Noteworthy

The Medieval and Early Modern Data Bank: Prototype Completed

Martha Carlin, May 1989

Attendees of the December 1988 AHA annual meeting in Cincinnati had the opportunity to see a live demonstration of the recently-completed prototype version of The Medieval and Early Modern Data Bank (MEMDB).

MEMDB, which is based at Rutgers University and is cosponsored by The Research Libraries Group, Inc. (RLG), is an electronic reference library for medieval and early modern historians. The prototype is a self-contained version of the Bank that runs on AT-class personal computers. It contains a master data set of 13,254 medieval currency exchange quotations compiled by Dr. Peter Spufford of the University of Cambridge for his Handbook of Medieval Exchange (Royal Historical Society, 1986). These quotations date from 1106 to 1509, and cover all of Europe, Byzantium, the Levant, and North Africa. They form the equivalent of a four-century run of the Wall Street Journal or the Financial Times for scholars who need information on the contemporary relative values of medieval currencies.

In 1988 The Bank, which is directed by Rudolph M. Bell, professor of history at Rutgers, and by Martha C. Howell, associate professor of history at Rutgers, also opened European offices in Leiden and Brussels, headed respectively by Professor Willem P. Blockmans of the Rijksuniversiteit to Leiden and Professor Eddy Van Cauwenberghe of the Universitaire Faculteiten Sint-Aloysius, Brussels, and the Katholieke Universiteit Leuven. These office provide European users with direct access to the prototype and serve also as centers for the acquisition and distribution of data, and for the promotion of close scholarly contact with European scholars and their students.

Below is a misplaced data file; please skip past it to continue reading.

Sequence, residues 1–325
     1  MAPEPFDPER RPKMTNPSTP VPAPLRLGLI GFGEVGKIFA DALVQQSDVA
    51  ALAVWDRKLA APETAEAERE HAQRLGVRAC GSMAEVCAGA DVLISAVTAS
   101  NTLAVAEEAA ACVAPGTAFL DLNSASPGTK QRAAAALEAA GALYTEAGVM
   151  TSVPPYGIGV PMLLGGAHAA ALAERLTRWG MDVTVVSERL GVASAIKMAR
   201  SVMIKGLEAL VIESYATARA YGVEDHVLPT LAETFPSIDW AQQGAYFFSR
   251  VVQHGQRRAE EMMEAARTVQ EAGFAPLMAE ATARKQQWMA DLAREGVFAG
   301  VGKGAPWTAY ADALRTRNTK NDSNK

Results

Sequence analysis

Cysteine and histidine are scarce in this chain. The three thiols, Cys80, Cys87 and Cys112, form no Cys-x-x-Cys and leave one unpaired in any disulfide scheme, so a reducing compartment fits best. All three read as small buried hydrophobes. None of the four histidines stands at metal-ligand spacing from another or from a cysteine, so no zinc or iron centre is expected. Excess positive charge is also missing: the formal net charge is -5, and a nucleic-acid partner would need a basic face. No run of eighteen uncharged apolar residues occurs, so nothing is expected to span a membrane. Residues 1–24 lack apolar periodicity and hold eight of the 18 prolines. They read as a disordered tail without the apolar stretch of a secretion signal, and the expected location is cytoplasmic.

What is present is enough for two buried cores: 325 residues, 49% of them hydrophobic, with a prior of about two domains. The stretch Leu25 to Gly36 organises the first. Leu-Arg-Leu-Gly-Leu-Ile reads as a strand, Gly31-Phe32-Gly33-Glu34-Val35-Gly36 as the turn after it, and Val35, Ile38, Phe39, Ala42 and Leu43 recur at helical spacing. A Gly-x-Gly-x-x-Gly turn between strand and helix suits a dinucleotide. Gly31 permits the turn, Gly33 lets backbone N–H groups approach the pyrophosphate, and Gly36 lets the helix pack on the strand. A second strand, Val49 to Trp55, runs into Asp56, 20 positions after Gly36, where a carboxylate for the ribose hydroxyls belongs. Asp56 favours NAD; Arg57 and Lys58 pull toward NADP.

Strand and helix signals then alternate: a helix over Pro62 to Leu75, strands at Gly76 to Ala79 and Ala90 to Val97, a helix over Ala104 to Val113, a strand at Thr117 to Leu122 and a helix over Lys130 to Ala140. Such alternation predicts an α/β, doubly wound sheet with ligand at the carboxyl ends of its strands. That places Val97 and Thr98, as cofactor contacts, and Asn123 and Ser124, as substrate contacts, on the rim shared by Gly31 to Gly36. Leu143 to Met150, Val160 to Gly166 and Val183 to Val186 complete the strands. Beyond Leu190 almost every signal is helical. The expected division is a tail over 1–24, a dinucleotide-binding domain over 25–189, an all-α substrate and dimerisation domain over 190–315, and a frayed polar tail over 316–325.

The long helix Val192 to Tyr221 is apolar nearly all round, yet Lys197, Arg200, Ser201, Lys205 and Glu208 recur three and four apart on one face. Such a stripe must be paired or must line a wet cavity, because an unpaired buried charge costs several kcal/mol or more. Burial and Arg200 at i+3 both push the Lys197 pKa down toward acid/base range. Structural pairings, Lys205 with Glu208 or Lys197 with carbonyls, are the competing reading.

In 1989–90 MEMDB will become an online facility, distributed through RLG's Research Libraries Information Network (RLIN) and available to RLIN subscribers in North America and Europe. When the Bank becomes RLIN-based its scope will expand to include virtually any scholarly compilation of data that can be presented in a tabular format. It will include data on subjects such as wages and prices, household size, demographics, wealth, manufacturing, property-holding, and nutrition, to name only a few categories, drawn from such sources as taxation records, wills and inventories, parish records, import and export records, household and estate accounts, prosopographical studies, and archaeological reports.

The online version of MEMDB also will provide reference aids, such as glossaries of weights and measures, gazetteers of Latin and vernacular place names, and a perpetual calendar. In addition, it will be clearing-house for information about data bases that are in progress or are held by other institutions, both in North America and abroad. Finally, MEMDB will serve as a prompt and effective means of publication for scholarly data sets that are too costly to publish in print, and are clumsy to publish in microform.

An important feature of MEMDB is that it incorporates discrete data sets into a single master data set, so that they will be simultaneously and mutually searchable. At the same time, however, each individual data entry retains its own original documentation, both source references and background text, and this documentation is always available to the user at a single keystroke. Another important feature of MEMDB is its extreme simplicity of operation. The prototypes' command language consists of only eight verbs ("actions") and eleven index names, and the online version will retain this parsimony of command language. Together, these features ensure that users of MEMDB can search the Bank's data holdings efficiently and comprehensively with no more prior knowledge or expertise than is required to operate a library's online catalogue or a bank's automated teller.

MEMDB is anxious to attract contributors of data as well as users of the Bank. Those interested should write to MEMDB c/o the Department of History, Rutgers University, New Brunswick, New Jersey 08903; telephone the project at (201) 932-8316 or 932-8335; or send BITNET messages to BB.MXC@RLG.